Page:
Like the EU and unlike the US, China is trying to rein in the power of big tech companies. Can we learn from these efforts?
With the recent travails of Didi, and the emergence of Tencent’s facial recognition feature, China’s tech sector is undergoing major upheaval.
It would be useful for China’s big tech firms to toe the party line. But the once mutually-beneficial relationship between these companies and the government is becoming increasingly strained.
It’s not only Alibaba and Ant Group that are feeling the heat.
As massive companies buy up their competition with ease, the answer may be to ban them from sectors all together
Last minute decision suspends world’s biggest IPO. But it exposes debates still ongoing about how to regulate fintech companies.
Most people would be content to pull off one of the world’s top five IPOs, but Jack Ma is on course for his second.
In the teeth of the crackdown on foreign listed companies, Ant Group has opted for Hong Kong – ultimately to the cost of American savers.
As the government considers antitrust action against big US technology companies, a global business scholar identifies four myths that need busting first.
China is re-inventing ways to make online shopping more fun, and it’s proving very successful indeed.
The same technological forces that make the Wuhan outbreak a global concern are also key to managing the crisis response.
From helping fight coronavirus to supporting education and biodiversity projects, China’s tech billionaires have moved boldly into philanthropy, continuing what is an ancient tradition.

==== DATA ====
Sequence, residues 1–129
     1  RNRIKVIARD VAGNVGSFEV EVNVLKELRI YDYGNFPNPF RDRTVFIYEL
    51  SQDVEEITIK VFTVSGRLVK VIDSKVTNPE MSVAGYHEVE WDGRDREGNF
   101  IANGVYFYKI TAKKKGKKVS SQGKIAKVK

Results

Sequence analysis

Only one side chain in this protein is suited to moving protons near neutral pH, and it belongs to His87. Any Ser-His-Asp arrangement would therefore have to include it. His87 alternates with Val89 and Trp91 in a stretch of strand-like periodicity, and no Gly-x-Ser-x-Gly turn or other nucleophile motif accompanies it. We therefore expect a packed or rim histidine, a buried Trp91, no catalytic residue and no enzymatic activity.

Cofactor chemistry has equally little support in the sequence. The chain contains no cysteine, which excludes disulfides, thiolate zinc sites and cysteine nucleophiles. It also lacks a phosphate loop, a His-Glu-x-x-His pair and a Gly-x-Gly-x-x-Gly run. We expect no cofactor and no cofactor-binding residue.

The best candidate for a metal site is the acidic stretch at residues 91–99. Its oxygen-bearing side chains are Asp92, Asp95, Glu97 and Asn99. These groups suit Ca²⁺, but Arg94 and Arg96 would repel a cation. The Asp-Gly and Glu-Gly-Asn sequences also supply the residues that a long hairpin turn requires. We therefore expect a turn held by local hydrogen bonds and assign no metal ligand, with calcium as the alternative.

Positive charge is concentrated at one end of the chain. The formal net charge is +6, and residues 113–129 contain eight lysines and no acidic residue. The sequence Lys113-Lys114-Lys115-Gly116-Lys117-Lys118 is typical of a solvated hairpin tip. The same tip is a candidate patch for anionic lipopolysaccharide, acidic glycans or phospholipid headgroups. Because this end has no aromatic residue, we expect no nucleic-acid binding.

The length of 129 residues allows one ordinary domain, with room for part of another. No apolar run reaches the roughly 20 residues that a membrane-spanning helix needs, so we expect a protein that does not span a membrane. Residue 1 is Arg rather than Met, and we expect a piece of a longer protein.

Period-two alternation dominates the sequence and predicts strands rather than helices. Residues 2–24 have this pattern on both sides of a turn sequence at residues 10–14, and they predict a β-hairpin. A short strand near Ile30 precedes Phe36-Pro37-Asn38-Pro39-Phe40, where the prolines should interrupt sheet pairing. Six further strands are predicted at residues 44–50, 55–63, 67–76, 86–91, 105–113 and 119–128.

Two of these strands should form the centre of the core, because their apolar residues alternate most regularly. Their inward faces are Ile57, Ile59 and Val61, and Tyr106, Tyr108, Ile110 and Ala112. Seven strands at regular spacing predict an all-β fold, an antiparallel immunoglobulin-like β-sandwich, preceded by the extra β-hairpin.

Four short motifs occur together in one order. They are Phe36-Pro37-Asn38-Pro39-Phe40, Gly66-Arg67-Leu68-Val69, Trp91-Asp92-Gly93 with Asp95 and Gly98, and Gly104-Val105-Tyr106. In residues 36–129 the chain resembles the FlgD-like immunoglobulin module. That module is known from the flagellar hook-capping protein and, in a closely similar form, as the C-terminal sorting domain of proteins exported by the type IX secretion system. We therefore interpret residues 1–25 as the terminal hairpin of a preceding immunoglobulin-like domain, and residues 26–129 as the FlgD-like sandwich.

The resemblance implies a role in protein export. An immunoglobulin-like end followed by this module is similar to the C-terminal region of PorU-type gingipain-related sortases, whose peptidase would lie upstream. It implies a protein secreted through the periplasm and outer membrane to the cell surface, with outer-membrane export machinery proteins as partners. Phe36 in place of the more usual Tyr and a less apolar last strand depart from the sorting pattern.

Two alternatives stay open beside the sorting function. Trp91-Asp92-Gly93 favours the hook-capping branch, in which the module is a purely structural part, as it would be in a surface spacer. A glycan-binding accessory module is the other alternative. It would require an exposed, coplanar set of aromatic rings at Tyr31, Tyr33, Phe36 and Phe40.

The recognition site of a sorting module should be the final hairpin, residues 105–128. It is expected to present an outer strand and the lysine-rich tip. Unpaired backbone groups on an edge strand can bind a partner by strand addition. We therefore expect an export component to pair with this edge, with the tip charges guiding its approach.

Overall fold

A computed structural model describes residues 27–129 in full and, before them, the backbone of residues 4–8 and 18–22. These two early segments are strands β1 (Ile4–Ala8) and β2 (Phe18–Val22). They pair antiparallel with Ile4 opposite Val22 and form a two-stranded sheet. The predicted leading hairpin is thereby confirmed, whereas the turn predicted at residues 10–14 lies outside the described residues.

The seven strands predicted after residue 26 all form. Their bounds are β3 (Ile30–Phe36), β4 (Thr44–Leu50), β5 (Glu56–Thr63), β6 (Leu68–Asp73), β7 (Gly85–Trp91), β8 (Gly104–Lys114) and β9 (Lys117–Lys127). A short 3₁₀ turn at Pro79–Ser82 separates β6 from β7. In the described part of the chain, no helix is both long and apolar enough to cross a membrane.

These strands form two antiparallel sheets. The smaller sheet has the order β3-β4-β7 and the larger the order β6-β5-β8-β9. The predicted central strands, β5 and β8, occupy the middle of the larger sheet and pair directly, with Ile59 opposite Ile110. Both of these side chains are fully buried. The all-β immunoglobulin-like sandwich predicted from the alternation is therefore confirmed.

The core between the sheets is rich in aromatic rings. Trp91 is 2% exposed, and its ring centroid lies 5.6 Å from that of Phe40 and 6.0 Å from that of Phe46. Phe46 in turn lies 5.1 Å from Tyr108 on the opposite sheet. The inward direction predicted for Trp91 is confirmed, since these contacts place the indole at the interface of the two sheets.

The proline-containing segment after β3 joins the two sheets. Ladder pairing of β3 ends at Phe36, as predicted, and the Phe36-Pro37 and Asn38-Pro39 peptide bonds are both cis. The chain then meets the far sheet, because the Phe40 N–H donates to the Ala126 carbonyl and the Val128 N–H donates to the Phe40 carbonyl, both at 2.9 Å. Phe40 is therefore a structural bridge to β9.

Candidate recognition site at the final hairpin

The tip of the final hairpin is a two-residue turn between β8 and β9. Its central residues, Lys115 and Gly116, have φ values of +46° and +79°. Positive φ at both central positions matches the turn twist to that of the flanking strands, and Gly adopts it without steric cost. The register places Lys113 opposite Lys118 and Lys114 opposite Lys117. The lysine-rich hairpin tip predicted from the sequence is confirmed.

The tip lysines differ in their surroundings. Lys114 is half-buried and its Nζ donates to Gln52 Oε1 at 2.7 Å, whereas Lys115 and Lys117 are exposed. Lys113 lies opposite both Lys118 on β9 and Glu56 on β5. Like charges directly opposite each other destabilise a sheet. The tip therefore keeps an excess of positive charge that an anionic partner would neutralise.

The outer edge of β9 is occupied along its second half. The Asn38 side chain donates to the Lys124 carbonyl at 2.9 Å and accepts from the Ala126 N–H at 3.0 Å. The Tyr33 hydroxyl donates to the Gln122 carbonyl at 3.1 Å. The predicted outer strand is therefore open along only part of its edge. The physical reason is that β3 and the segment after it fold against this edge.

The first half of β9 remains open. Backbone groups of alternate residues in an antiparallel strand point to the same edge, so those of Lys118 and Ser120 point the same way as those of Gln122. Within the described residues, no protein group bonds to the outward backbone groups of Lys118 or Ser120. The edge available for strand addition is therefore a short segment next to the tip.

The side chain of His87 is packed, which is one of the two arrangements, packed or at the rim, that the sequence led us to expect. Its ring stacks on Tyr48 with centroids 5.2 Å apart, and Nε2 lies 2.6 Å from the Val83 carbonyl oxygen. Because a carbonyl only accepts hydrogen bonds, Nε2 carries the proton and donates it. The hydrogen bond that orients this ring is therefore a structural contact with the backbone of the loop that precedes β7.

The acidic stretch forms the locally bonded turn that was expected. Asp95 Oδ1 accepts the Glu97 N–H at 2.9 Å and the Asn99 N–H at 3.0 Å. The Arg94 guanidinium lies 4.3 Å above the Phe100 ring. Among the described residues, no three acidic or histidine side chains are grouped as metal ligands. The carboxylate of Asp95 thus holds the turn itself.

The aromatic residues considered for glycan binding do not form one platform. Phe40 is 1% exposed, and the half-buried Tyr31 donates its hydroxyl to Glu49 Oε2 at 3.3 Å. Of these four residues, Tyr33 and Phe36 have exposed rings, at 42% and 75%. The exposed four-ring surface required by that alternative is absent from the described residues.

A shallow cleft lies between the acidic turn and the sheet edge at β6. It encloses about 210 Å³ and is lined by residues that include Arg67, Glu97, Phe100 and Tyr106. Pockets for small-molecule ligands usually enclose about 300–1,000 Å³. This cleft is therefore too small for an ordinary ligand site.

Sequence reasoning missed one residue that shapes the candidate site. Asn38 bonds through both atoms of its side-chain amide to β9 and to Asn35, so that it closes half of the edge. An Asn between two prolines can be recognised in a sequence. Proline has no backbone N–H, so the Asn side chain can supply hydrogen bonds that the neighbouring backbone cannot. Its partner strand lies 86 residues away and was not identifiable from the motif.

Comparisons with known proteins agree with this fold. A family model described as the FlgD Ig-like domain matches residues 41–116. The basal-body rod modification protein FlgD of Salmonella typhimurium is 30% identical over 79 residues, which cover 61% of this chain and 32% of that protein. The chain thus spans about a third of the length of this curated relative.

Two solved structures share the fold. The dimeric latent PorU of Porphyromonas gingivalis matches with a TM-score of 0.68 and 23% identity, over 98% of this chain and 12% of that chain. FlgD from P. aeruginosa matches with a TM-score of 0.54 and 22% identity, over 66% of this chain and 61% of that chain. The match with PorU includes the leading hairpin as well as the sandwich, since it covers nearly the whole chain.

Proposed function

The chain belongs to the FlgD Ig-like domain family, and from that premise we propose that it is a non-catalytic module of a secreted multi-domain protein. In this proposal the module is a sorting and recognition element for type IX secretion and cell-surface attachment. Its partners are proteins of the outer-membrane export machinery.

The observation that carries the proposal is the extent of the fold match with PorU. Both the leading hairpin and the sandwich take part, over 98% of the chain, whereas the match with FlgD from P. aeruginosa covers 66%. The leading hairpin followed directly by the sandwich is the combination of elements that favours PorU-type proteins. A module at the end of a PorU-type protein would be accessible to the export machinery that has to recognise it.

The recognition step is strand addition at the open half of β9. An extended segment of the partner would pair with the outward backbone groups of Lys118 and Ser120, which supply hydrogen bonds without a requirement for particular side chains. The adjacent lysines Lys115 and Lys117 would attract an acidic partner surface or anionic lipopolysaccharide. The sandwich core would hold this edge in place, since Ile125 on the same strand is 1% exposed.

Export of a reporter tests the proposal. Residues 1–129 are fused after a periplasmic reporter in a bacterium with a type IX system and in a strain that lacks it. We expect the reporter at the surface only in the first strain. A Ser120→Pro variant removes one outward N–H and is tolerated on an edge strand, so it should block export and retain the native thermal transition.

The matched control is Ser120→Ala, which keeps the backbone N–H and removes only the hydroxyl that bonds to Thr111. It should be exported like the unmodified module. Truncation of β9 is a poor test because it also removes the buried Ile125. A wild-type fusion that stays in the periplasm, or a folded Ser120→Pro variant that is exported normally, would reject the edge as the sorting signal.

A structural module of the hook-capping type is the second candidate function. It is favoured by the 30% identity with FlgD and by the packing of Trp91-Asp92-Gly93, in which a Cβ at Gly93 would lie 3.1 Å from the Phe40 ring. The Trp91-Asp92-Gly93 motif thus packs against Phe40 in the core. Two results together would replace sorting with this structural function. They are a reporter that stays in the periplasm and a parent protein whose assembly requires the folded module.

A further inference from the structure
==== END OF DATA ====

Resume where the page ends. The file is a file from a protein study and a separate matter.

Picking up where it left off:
It seems no traditional finance company is safe from the marauding tech giants.
Advocates and opponents of breaking up Facebook, Google and other technology giants are falling prey to some serious misconceptions.
Even Amazon can’t defy gravity forever.
The Trump administration recently announced a plan to curb counterfeiting on websites and at ports of entry. But what’s missing is the role consumers play in supporting this criminal activity.
Chinese customers spend billions on Nov. 11. Why, and what does it mean for the global retail marketplace?
Delivery bots, maintenance drones and care robots are all being tested in real world contexts – and that’s just the beginning.
Old retail might be dying in the West, but it’s been given new life in China.
Plans for China to rate its citizens for their trustworthiness have been depicted as uniquely Chinese. Don’t be so sure.